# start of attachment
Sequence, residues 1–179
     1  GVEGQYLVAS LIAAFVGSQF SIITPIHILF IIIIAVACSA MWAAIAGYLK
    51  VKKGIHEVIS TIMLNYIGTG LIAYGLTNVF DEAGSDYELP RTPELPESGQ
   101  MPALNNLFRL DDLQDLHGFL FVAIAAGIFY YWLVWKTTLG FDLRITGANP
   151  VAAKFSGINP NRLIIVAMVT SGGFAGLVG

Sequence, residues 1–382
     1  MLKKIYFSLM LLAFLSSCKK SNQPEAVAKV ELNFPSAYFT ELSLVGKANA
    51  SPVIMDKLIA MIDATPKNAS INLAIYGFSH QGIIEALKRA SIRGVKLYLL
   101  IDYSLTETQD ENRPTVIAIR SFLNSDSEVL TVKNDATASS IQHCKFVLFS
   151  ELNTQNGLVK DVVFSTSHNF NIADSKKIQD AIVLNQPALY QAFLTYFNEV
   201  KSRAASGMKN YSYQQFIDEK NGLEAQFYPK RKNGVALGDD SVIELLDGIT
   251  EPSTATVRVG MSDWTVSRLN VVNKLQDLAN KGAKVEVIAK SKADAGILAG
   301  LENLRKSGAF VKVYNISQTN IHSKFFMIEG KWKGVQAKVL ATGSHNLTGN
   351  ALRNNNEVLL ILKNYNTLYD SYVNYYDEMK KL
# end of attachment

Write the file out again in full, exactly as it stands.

Sequence, residues 1–179
     1  GVEGQYLVAS LIAAFVGSQF SIITPIHILF IIIIAVACSA MWAAIAGYLK
    51  VKKGIHEVIS TIMLNYIGTG LIAYGLTNVF DEAGSDYELP RTPELPESGQ
   101  MPALNNLFRL DDLQDLHGFL FVAIAAGIFY YWLVWKTTLG FDLRITGANP
   151  VAAKFSGINP NRLIIVAMVT SGGFAGLVG

Sequence, residues 1–382
     1  MLKKIYFSLM LLAFLSSCKK SNQPEAVAKV ELNFPSAYFT ELSLVGKANA
    51  SPVIMDKLIA MIDATPKNAS INLAIYGFSH QGIIEALKRA SIRGVKLYLL
   101  IDYSLTETQD ENRPTVIAIR SFLNSDSEVL TVKNDATASS IQHCKFVLFS
   151  ELNTQNGLVK DVVFSTSHNF NIADSKKIQD AIVLNQPALY QAFLTYFNEV
   201  KSRAASGMKN YSYQQFIDEK NGLEAQFYPK RKNGVALGDD SVIELLDGIT
   251  EPSTATVRVG MSDWTVSRLN VVNKLQDLAN KGAKVEVIAK SKADAGILAG
   301  LENLRKSGAF VKVYNISQTN IHSKFFMIEG KWKGVQAKVL ATGSHNLTGN
   351  ALRNNNEVLL ILKNYNTLYD SYVNYYDEMK KL